Jobs Friday!!!

The first Friday of every month brings us the BLS Jobs Report, which I consider to be the most important economic report released. This morning July’s report was released and showed a gain of 162,000 jobs, falling short of the consensus of 175,000.  Before the report was released our friend Cullen Roche from made some key points:

  • We know that jobless claims have been trending lower and lower and just recorded their lowest weekly reading since the recovery started.  
  • The ADP private payrolls report came in at 200K – very healthy.
  • The Challenger Job Cut report remains low and is showing 7.3% fewer layoffs through July 2013 than the same period in 2012.
  • The July ISM employment reading was 54.4 – the highest reading in well over a year.
    I don’t know what this morning’s employment report will say.  It might be lower than 175K or it might be higher.  But the overall data is telling a very clear story – the employment situation is improving (at worst, certainly not deteriorating).
    Read more from Cullen at

After the report was released a slightly different take, as well as an in-depth look at the numbers, was presented over at

The internals in this report almost all were poor. The workweek declined. Average wages declined. Aggregate hours declined. May and June were revised downward. The participation rate is still barely above its post-recession low.
For more click here:

Will here, there is no question the debate will continue to rage on as the whether the U.S. economy is strong enough for the Fed to begin tapering in September.  This jobs report showed that while jobs are being added, it is occurring at a frustratingly slow pace.  The labor participation rate fell again in July to 63.4%.  These data points are confirming that the U.S. GDP continues to grow at a sub 2% pace.  Not good enough for the type of recovery we are used to after a recession but stronger than most other developed counties.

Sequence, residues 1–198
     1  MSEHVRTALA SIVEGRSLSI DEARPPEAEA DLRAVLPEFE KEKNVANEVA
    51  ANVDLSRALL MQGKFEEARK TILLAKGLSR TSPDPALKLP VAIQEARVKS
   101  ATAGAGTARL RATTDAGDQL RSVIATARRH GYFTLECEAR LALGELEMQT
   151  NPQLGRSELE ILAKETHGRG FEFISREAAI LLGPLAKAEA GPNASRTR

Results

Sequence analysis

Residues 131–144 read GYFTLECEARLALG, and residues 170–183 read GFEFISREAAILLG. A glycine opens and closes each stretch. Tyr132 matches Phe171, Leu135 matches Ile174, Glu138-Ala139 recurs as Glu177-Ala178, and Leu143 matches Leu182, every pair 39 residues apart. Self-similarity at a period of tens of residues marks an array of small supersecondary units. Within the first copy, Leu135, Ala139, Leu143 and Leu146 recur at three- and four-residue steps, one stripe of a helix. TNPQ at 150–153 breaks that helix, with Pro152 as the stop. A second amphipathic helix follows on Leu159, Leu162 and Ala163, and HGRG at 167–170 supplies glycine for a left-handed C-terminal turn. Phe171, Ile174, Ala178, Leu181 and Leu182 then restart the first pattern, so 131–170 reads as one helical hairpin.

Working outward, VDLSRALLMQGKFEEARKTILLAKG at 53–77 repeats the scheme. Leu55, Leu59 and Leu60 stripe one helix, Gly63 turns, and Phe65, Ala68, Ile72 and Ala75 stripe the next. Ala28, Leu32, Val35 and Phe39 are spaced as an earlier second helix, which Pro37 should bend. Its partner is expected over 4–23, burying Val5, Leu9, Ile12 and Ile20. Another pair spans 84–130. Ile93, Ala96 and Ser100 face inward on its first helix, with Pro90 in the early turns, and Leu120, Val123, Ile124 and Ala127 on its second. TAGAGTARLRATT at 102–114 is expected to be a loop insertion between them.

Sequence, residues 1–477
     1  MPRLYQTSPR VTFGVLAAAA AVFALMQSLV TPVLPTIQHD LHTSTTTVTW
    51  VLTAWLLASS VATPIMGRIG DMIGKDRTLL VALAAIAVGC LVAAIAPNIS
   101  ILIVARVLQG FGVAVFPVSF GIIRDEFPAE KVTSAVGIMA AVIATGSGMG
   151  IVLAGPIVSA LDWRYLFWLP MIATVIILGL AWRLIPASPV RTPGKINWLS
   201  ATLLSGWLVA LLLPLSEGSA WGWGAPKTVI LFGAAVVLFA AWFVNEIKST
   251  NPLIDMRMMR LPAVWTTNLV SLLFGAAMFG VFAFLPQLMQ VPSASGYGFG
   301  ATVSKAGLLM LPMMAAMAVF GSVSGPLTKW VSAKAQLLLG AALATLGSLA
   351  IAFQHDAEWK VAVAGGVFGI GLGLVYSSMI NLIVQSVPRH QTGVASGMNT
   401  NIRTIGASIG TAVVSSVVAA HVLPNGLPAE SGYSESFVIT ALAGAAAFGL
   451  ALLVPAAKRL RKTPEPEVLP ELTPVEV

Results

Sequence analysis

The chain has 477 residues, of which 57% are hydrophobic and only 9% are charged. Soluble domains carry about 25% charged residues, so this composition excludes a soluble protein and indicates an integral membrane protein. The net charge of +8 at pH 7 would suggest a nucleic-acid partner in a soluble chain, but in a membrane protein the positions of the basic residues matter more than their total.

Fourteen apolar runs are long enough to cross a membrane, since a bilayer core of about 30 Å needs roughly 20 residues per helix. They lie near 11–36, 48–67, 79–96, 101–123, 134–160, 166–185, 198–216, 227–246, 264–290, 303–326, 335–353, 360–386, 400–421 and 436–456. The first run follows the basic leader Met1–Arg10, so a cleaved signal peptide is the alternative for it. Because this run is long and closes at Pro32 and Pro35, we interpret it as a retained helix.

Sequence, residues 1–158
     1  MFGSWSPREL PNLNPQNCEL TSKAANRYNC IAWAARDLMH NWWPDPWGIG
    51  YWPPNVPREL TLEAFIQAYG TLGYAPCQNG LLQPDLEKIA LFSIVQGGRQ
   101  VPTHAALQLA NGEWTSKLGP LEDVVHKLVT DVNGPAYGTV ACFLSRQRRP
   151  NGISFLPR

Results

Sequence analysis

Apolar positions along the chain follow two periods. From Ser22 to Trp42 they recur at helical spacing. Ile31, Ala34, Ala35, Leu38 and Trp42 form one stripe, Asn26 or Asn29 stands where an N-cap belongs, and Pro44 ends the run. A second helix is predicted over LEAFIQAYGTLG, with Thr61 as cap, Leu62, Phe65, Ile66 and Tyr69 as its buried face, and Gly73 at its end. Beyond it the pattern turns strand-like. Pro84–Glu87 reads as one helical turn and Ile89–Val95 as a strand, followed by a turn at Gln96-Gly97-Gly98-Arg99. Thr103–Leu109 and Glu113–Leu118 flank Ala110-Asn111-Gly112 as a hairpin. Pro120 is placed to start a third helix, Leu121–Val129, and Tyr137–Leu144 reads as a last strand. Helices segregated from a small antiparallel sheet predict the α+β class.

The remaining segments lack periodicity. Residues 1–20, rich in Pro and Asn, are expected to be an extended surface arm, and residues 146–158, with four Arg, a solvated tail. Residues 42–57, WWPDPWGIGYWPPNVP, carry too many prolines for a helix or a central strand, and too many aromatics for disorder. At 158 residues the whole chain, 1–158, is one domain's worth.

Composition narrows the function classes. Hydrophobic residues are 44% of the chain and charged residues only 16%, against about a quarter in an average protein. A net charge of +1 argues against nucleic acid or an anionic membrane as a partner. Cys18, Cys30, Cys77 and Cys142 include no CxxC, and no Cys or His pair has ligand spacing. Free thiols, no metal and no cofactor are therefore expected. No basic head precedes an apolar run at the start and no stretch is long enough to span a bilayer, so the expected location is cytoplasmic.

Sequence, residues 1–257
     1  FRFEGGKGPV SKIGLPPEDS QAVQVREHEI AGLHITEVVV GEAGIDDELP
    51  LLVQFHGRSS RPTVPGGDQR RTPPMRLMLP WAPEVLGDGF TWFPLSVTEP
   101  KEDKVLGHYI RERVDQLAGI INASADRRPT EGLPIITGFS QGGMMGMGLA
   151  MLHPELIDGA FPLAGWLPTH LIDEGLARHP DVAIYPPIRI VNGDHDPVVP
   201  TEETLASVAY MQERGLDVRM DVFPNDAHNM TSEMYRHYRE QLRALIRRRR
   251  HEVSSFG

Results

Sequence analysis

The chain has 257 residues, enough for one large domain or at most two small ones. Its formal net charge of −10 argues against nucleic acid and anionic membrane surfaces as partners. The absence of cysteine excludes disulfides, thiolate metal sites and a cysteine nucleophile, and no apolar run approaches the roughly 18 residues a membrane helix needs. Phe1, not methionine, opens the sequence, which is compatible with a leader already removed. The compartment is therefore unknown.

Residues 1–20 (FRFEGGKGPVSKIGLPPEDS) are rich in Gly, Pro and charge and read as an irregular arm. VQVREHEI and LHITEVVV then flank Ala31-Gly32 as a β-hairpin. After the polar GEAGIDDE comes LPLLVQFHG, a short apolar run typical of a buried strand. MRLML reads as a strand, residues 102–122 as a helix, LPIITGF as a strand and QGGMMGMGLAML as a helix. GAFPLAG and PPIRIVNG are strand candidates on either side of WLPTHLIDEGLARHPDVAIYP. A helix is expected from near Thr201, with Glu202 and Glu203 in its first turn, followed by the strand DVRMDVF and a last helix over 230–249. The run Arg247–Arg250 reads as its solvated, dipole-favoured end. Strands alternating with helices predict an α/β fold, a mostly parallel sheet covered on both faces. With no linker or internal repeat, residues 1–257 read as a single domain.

Mixed July for Global PMI

One measure of the global economy that we watch closely is the monthly PMI report for countries around the globe.  What is the significance of the PMI?  From Markit:
PMIs are based on monthly surveys of carefully selected companies. These provide an advance indication of what is really happening in the private sector economy by tracking variables such as output, new orders, stock levels, employment and prices across the manufacturing, construction, retail and service sectors.

A reading above 50 indicates economic expansion while a reading below 50 indicates contraction.  July was a mixed bag as we saw improvement in Europe (Germany, Italy, Poland, etc.) while seeing many Asian countries (Japan, Korea, Taiwan) as well as Turkey, Russia and Australia continuing to weaken.   pmi scorecard

For a more thorough report, including the U.S., Brazil and Canada, check out the great job the folks at have done: